Marriage Equality: Why it Is Critical You Passionately Care About Maine
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You care about Maine.
You fervently, powerfully, passionately care about Maine.
Trust me on this one. You may not know it yet. You may be going, "Maine? Huh? I mean, sure, Maine's cool, I've got nothing against Maine -- but care about it passionately?" You do. Maine is very, very important to you.
Let me explain why.
As you may or may not know, the Maine legislature recently legalized same-sex marriage. But Maine law allows for a "people's veto," letting voters overturn any law the legislature passes. There is, predictably, a proposition on the Maine ballot this November -- Proposition 1 -- to overturn this new law, and ban same-sex marriage in the state. People who support marriage equality are gearing up -- have been gearing up for some time -- to defeat Prop. 1.
So why is this so important? I mean, there are battles over same-sex marriage in lots of states: battles happening right now, and ones looming on the horizon. And they're happening in states that are a lot bigger than Maine, and a whole lot more visible. Why do you care about this one so much? Why is this fight different from all other fights?
There are two big reasons why you care about Maine. Momentum, and precedent.
Let's talk momentum first. The far right and the religious right see Maine's Proposition 1 as ground zero in the fight to stop same-sex marriage. They are already pouring huge gobs of money and resources into this one; they even got the same guy who ran the Yes on Prop 8 campaign to run it. They're not idiots: they see that the momentum for same-sex marriage has been building like a freight train. We lost a lot of steam over Prop 8; but we picked it up again with Iowa and Vermont and New Hampshire, and indeed with Maine. And public opinion is slowly but steadily shifting in favor of same-sex marriage.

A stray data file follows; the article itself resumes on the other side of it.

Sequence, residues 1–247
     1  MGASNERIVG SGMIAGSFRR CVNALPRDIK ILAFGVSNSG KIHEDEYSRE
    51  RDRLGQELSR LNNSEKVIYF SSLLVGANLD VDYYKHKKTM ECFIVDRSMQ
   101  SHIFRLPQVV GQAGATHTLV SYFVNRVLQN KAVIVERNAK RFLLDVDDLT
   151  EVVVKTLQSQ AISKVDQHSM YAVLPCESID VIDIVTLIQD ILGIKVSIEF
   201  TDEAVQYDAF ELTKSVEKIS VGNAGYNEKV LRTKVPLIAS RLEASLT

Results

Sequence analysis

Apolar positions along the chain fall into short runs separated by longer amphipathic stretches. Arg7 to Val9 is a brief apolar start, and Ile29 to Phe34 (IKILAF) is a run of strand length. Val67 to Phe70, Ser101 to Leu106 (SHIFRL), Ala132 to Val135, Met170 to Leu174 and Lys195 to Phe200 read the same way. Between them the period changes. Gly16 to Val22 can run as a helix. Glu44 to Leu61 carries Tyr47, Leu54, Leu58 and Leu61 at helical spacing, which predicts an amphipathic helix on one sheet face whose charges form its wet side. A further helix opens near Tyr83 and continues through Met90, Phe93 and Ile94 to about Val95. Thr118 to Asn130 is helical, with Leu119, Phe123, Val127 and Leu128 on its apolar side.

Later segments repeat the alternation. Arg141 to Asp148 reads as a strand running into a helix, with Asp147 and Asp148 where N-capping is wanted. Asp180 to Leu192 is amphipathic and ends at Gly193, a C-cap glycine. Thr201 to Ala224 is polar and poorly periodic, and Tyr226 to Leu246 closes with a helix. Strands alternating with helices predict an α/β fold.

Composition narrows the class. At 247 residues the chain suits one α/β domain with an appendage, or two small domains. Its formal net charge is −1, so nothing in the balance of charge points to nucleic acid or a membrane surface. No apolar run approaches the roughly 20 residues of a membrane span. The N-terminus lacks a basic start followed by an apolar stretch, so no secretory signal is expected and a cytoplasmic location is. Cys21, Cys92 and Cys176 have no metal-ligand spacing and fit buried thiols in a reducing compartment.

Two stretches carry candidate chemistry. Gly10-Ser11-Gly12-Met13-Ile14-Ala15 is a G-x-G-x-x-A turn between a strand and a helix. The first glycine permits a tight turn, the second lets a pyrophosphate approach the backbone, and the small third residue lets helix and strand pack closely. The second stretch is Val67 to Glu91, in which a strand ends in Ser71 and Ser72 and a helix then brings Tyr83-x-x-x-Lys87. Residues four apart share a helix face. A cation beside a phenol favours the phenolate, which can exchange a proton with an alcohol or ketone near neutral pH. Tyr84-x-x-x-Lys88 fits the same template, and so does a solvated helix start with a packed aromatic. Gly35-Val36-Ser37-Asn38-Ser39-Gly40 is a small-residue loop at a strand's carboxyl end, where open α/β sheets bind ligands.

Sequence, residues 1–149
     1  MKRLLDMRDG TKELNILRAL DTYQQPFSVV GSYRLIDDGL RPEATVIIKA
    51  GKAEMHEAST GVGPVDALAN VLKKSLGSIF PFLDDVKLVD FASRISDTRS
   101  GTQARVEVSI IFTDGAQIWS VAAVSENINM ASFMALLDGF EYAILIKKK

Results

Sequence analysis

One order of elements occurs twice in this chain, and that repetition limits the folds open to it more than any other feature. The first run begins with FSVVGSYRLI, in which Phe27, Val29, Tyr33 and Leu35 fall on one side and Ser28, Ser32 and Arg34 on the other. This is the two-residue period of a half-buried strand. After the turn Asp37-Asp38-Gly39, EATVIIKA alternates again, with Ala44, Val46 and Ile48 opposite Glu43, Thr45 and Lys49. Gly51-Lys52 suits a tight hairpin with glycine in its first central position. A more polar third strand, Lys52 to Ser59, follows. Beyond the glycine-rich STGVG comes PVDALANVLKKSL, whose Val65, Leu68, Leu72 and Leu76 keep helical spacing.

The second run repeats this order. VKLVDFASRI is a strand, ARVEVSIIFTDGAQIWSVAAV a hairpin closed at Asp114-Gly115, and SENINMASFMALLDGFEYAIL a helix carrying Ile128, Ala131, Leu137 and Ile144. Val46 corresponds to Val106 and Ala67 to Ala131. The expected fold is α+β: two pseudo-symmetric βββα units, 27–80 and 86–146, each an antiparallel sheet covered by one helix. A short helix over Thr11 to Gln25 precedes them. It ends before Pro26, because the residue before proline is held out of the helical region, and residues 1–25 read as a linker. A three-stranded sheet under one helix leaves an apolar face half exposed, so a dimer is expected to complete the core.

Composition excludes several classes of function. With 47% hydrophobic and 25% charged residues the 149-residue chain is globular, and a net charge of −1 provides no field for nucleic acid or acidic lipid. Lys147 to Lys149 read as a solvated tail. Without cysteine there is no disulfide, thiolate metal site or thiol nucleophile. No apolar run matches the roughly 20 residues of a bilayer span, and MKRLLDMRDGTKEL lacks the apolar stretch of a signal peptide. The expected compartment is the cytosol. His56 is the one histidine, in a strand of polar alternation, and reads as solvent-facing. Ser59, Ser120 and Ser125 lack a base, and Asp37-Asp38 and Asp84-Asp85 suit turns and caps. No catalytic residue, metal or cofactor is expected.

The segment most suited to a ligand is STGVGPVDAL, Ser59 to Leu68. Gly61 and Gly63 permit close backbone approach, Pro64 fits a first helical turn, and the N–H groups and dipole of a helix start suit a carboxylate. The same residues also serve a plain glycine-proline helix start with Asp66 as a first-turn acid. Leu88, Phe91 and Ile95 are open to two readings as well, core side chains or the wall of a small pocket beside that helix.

The far right desperately wants to stop this one in its tracks.
We can't let them.
We have to keep the momentum going. Momentum is huge in changing public opinion: with every state that legalizes same-sex marriage, it becomes increasingly obvious that same-sex marriage won't destroy your family and poison your dog and bring civilization to its knees. It becomes increasingly obvious that when same-sex marriage is legalized, life goes on pretty much exactly like it did before -- except that same-sex couples will be visiting their partners in the hospital and so on.
And momentum is huge in politics. A win makes the next campaign on the issue seem less radical and less scary; not just for voters, but for politicians and public figures, who are way more likely to fight for a cause if it looks like it already has some traction. A win energizes and inspires the winners; a loss tends to demoralize the losers, and forces them to retrench. Plus, for better or worse, a lot of people don't like to feel like they're on the losing side. They're more likely to support a candidate or a cause when it looks like it can win, and is winning. With every state that legalizes same-sex marriage, the next one is way more likely to do it too. Same-sex marriage is going to look more normal, more like no big deal... and it's going to look inevitable.
The right isn't wrong about this one. This is ground zero. We need to get every bit as involved in No on 1 as we did in No on 8. If we lose this one, we will, in fact, have lost a tremendous amount of momentum. But if we win, we will have loaded a huge heap of coal into that freight train's engine. It will make the fight for same-sex marriage in every other state -- in New York, in New Jersey, in California in 2010 or 2012, and eventually in Oregon and Minnesota and Alabama -- much, much easier, and much more winnable.